New creations from controversial British Pop Artist Damien Hirst include these three supersized representations of pharmaceutical products – each created with polyurethane resin and ink pigment. Hirst is unrelenting in his prodding of the public to awaken to the often overlooked components of the human existence. Most recently, it’s his fascination with the drug industry, whether approaching it molecularly (as in his spot paintings) or emphasizing the larger scale aspects of the product formations. Consuming these oversized products, it’s difficult to overlook the intertwined nature of brand marketing and the physical products themselves – saturated in brand uniforms. Hirst is once again the master of raising our consciousness by providing the most unusual of perspectives.

The works showcased here and in the previous blog are but a sample of the many our gallery has acquired recently. Please visit with us to behold these works as they are meant to be appreciated. Likewise, if there’s anything we can do to help you source a particular work, feel free to contact us. We hope to see you during the festive holiday season!

New Work Available at VFA

As late autumn 2014 brings us closer to another bustling holiday season, our South Florida Contemporary Art Gallery has much for which we are grateful. Among our favorites are a group of new works from the greatest Pop, Op and Abstract Expressionist artists the world has ever known. It’s our pleasure to share such beauty with you, and we hope that you’ll visit with us soon, here in warm Boca Raton.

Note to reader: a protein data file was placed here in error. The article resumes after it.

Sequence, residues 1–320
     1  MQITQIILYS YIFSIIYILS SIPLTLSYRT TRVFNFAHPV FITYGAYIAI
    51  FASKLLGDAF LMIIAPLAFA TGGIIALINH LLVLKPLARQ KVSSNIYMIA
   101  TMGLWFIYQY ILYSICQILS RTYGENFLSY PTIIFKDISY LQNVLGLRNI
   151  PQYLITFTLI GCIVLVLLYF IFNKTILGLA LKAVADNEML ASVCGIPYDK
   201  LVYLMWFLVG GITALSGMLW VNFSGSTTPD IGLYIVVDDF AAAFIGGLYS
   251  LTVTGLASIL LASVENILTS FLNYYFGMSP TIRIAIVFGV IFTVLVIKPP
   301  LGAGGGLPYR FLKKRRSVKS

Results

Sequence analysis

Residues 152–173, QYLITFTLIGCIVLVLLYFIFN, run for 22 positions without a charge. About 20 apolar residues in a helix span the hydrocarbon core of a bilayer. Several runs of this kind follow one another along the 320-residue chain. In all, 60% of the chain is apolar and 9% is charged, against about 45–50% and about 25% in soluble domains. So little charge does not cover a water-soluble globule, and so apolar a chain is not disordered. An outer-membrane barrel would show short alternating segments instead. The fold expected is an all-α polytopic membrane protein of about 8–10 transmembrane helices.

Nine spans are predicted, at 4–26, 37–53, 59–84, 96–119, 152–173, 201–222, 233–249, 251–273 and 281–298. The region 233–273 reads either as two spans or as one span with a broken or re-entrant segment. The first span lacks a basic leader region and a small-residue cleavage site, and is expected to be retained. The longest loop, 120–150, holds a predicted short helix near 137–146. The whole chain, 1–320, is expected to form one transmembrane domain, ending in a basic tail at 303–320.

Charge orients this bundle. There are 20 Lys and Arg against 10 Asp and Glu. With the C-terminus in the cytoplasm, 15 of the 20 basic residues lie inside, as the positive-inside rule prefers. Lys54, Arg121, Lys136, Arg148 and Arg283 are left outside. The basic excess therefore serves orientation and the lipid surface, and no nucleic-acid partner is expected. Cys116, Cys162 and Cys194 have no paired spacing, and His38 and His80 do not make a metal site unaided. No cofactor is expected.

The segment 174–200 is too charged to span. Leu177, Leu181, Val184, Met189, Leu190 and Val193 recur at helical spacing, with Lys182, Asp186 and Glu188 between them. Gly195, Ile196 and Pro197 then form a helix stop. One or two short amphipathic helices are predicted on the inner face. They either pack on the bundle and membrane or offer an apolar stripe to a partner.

One spectacular work featured on a primary wall is a large scale dramatic landscape from American Pop Artist Alex Katz entitled, Gray Day. This Katz classic hits each of the artist’s high notes – cool and commercial, this eloquent piece works effortlessly to capture our attention and hold it. Just a glance at this lovely panoramic and the viewer is transported to a vogue Cape Cod beach, with little desire to leave.

In a very different way, YBA artist Damien Hirst continues to find new ways to push our buttons, challenging us to a confrontation with the weight issues of modern life. These days, the artist’s latest manipulation – oversized pharmaceuticals – places this multibillion dollar industry, with its powerful health and social implications, staring squarely at us. Drugs are potent enough when consumed on a microbiological level, but in macro iterations, they’re downright audacious. Newly available art from Hirst at VFA includes a host of recent sculpted multiples that bear the same clinical names as their diminutive counterparts.

As oversized replicas, the pharmaceuticals that Damien Hirst peddles have transcended habitats – from pharmacies and medicine cabinets – to art gallery shelves. Their artificial resin components and dyes appear docile compared to the healing, habitual and lethal effects associated with the formulations they represent. Needless to say, a football-sized likeness of Pfizer’s famous blue aphrodisiac is sure to be a conversation-starter. Likewise, five milligrams of Valium is anything but calming when consumed as a fist-sized replica.